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How a Portland nonprofit is using artificial intelligence to help save whales, giraffes, zebras

But each animal’s black and white markings are like a fingerprint, distinct — and invaluable for scientists who need to track the animals and information about them, including their births, deaths, health and migration patterns.

Portland, Oregon-based nonprofit Wild Me has developed AI to pick out identifying markers — the stripes on a zebra, the spots on a giraffe, the contours of a sperm whale’s fin — and catalog animals much faster than a human can.

Photo surveys are increasingly used as the backbone for population estimates, and Wild Me’s Wildbooks, which catalog various species, are giving conservation groups, governments and citizen scientists a faster way to monitor animals around the world.

He wanted to find a different way to track the animals other than invasive tagging, so he teamed up with a biologist and a NASA astronomer, adapting the algorithm for the Hubble telescope to match the shark’s spot patterns.

Thousands of photos of the species must be manually annotated so that the algorithm learns what a given animal is, what the distinguishing characteristics are and what’s just background noise.

She said she watched Facebook implement facial recognition and wanted to use similar technology to help identify whales within the endangered species (there are only about 400 North Atlantic right whales left).

The Wildbook for whales, called Flukebook, encourages collaboration, which is particularly useful for whales that travel long distances because it can be difficult for one research group to effectively monitor one area.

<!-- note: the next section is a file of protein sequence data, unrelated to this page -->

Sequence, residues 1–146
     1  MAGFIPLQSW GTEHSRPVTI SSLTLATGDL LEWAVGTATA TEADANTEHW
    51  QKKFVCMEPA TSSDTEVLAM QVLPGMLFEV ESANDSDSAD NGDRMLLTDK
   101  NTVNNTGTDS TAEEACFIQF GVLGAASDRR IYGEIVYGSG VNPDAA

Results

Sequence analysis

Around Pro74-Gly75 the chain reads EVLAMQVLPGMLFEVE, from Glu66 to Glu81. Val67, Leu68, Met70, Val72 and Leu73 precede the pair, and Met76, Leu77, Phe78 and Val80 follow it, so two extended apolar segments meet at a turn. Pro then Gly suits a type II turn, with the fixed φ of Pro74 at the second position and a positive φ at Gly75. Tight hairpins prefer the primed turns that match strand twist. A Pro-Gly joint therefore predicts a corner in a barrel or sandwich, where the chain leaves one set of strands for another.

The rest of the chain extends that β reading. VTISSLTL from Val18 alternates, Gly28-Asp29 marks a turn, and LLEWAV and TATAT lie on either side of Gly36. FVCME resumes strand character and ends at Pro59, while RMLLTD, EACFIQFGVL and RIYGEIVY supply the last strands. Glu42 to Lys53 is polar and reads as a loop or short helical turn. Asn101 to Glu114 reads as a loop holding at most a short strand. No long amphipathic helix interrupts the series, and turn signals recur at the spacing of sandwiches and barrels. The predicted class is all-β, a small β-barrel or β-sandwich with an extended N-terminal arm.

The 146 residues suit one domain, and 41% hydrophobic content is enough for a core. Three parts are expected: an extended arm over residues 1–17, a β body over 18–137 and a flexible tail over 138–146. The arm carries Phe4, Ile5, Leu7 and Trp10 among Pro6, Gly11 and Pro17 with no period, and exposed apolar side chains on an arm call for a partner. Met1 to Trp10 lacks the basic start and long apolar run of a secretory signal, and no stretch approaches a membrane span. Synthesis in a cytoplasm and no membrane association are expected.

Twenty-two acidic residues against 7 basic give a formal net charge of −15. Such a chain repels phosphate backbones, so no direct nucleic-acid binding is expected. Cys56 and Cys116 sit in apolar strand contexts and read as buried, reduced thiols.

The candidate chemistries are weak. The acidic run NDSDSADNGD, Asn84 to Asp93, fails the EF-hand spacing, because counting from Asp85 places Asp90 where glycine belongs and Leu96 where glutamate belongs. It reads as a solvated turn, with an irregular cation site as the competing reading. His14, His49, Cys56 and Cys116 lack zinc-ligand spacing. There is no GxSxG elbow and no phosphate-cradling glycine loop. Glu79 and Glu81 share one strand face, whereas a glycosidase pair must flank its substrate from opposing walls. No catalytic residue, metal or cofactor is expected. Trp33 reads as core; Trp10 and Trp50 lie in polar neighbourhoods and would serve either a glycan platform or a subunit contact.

“By doing the matching themselves, by contributing their own data, not only do they get to know the animals, but it creates a locally motivated community of people that can react when conservation actions come up.”

One of Wild Me’s more recent innovations is an AI-driven feature that datamines YouTube videos of whale sharks and sea turtles, using user-generated videos (often taken by tourists) to get a better sense of the populations.

“The point of going to a fully automated system is to shorten that cycle so we can take all of the data over the past week or two weeks and have a continuous prediction of population size.

How artificial intelligence outsmarted the superbugs

One of the seminal texts for anyone interested in technology and society is Melvin Kranzberg’s Six Laws of Technology, the first of which says that “technology is neither good nor bad;

By this, Kranzberg meant that technology’s interaction with society is such “that technical developments frequently have environmental, social and human consequences that go far beyond the immediate purposes of the technical devices and practices themselves, and the same technology can have quite different results when introduced into different contexts or under different circumstances”.

The researchers used the technology to tackle the problem of bacterial resistance to conventional antibiotics – a problem that is rising dramatically worldwide, with predictions that, without a solution, resistant infections could kill 10 million people a year by 2050.

The team of MIT and Harvard researchers built a neural network (an algorithm inspired by the brain’s architecture) and trained it to spot molecules that inhibit the growth of the Escherichia coli bacterium using a dataset of 2,335 molecules for which the antibacterial activity was known – including a library of 300 existing approved antibiotics and 800 natural products from plant, animal and microbial sources.

This produced a hundred candidates for physical testing and led to one (which they named “halicin” after the HAL 9000 computer from 2001: A Space Odyssey) that was active against a wide spectrum of pathogens – notably including two that are totally resistant to current antibiotics and are therefore a looming nightmare for hospitals worldwide.

So while the main beneficiaries of machine learning for, say, a toxic technology like facial recognition are mostly authoritarian political regimes and a range of untrustworthy or unsavoury private companies, the beneficiaries of the technology as an aid to scientific discovery could be humanity as a species.

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